MuteMath – Changes
A MuteMath remix album sounds like a really good idea on paper. They’re already well-known as a killer live band with a hefty dose of computerized sounds to sweeten the pot, so going full electronica doesn’t seem like too much of a stretch. And they’ve got friends in all the right places when it comes to potential remixers. Unfortunately, as with most remix albums, a lot of these tracks are borderline tedious, dragging down the tempos or repeating sections of well-loved songs from Vitals to the point where it becomes grating, not really improving on any of the source material. Getting through this thing was a real chore, despite (or perhaps because of) my positive feelings about the original versions. (Also: Why do we need two versions of “Monument”, but they couldn’t be bothered to remix “Bulletproof”? Grrr.) Adding female vocals to the title track “Vitals” was a good call, and I do really enjoy the brand-new song “Changes”, which fits alongside the remixes sonically, but doesn’t make the mistake of mucking up something I previously enjoyed, and doesn’t let its weird sonic detours get in the way of actual song structure. This feels like a “Keep our merch on the shelves after our last album didn’t sell so well” type of project, sadly.
Regina Spektor – Remember Us to Life
Regina Spektor seems to be known first and foremost for her quirkiness, but there’s some real substance beneath the cutesiness. She’s a very thoughtful songwriter, and sometimes the musical roulette game she plays doesn’t show that off as well as it could in the form of a full-length album. This new one seems to shore up some of the pacing problems her last few had, and I feel like both the ideas behind each song and the actual execution work for me more often than they used. If I’m honest with myself, I’m more drawn to the sinister and sassy up-tempo tracks than the quieter ballads, but this record’s got a fair amount of both to digest. Definitely one I’ll be coming back to a lot in the closing months of 2016.
Alter Bridge – The Last Hero
My weariness with a band’s overall sound getting repetitive, and my tendency to tune out partway through an album, have come back with a vengeance here. Green Day got off easy. Alter Bridge seems to be so hell-bent on proving they can rock hard for the duration of an album that it just plain gets tiring to listen to. And this sucker is over an hour long! Yikes. I love that they’re still willing to merge alt-rock, grunge, and old-school metal techniques in a day and age where none of those things are trendy. But their better records, particularly Blackbird, had some amount of calm before the storm, maybe a few poppier or more acoustic tracks (sacrilege, I know) to make the onslaught hit harder when they would dive back into heavier material. The social commentary seems to get cornier and cornier as the years go by, too – they’re tiptoeing into Dream Theater territory at this point, and that’s not the way in which I’d want a band to be like Dream Theater.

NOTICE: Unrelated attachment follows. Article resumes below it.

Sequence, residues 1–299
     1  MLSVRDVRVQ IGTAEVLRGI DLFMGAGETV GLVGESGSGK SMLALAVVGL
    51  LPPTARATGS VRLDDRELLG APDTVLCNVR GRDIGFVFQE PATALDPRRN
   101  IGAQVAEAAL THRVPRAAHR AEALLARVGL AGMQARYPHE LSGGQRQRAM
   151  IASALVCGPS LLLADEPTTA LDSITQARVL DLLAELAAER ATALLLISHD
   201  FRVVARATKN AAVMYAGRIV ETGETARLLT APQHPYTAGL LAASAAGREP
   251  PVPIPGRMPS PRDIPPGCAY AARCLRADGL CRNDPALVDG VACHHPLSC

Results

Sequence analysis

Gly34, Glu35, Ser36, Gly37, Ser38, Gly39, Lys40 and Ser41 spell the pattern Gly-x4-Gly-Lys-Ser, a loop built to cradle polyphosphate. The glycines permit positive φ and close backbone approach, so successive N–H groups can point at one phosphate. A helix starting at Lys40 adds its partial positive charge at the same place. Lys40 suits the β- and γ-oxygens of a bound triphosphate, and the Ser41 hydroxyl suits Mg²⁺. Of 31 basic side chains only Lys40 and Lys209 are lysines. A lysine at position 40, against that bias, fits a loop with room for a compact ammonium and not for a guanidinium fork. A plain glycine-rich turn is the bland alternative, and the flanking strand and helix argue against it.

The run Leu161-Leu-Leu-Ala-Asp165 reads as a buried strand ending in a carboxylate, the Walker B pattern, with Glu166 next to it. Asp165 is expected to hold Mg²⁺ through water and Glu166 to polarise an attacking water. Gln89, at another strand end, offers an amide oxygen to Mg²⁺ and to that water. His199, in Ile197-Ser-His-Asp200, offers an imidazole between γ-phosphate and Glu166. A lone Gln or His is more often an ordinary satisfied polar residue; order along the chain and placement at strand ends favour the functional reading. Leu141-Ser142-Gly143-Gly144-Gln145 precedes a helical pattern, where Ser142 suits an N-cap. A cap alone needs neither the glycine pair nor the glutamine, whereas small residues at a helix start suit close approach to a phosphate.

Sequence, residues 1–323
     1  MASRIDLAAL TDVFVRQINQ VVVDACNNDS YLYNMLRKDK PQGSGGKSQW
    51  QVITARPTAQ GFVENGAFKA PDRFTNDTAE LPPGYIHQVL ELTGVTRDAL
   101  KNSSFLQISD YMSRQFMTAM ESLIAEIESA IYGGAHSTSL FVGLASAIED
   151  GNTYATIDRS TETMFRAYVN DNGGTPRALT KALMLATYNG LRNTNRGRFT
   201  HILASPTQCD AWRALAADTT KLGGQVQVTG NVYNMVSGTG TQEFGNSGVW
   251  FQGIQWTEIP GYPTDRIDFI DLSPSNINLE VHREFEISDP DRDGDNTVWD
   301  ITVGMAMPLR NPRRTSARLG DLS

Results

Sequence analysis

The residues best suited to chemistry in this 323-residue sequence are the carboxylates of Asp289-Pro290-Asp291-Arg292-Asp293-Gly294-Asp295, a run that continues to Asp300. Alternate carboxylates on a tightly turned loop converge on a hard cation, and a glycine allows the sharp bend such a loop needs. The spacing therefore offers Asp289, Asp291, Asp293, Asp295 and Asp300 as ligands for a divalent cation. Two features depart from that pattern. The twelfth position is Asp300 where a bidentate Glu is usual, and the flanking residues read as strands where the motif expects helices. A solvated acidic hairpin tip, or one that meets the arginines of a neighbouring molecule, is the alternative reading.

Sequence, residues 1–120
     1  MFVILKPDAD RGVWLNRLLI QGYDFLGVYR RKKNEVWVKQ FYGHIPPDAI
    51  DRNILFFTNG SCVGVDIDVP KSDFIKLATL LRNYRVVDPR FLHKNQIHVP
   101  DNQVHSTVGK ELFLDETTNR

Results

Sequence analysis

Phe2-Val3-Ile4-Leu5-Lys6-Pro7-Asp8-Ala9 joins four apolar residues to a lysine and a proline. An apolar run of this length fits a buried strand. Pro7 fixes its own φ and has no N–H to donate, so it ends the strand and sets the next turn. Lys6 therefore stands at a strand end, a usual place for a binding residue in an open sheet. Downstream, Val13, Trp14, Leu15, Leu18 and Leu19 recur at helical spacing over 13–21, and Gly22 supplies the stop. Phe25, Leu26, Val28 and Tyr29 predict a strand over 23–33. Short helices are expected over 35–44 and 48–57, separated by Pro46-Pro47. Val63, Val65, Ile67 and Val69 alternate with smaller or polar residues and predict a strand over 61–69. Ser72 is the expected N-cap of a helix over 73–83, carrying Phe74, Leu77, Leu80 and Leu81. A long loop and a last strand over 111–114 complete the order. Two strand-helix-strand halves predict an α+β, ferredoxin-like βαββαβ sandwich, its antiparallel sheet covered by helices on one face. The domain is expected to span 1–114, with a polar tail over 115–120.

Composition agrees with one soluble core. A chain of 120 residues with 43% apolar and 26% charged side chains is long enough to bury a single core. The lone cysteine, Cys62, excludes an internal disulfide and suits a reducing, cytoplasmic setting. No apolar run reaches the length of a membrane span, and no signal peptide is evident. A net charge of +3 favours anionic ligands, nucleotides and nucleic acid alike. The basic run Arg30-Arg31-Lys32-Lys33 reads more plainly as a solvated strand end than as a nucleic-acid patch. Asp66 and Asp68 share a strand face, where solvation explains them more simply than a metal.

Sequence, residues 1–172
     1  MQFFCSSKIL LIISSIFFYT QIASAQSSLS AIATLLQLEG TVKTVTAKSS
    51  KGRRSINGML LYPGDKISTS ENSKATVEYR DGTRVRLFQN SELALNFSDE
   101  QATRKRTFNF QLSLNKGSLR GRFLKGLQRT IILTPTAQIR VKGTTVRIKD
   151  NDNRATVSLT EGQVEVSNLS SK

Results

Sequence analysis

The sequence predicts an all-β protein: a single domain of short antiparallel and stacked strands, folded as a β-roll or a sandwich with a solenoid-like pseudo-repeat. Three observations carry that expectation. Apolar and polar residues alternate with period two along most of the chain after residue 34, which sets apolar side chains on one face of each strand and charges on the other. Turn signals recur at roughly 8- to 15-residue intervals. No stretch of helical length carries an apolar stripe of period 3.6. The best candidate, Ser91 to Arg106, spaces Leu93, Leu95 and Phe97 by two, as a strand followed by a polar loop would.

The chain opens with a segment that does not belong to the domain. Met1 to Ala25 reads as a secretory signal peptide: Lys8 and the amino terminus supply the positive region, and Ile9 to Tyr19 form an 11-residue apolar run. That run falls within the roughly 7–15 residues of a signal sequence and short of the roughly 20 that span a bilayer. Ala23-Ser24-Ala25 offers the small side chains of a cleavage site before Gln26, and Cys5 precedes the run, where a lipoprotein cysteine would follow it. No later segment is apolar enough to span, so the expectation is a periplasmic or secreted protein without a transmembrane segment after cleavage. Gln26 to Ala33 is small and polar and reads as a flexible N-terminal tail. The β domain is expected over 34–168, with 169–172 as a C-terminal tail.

Sleeping at Last – Atlas: Emotions
You’d almost expect this to be Inside Out: The Song Cycle, except for the absence of Disgust, I guess. And Ryan O’Neal is certainly a huge fan of the film, and all things Pixar. But here, the core emotions of Joy, Sorrow, Anger and Fear that he explores don’t so much aim to express those emotions directly through the music as they do to describe the psychological impact on each of them as we learn to define the world around us based on our experiences. Ryan’s delicate voice and generally bright instrumental palette make it especially tricky for him to fully capture Anger and Fear, especially with the latter being an instrumental (which contains some surprising sonic twists compared to his usual work, though nothing overtly terrifying), but as always, reading the stories behind the songs makes his approach a lot easier to understand, and the more up-tempo/aggressive approach of both Joy and Anger helps to ensure that those in particular will probably find their way into my pantheon of favorite SAL songs.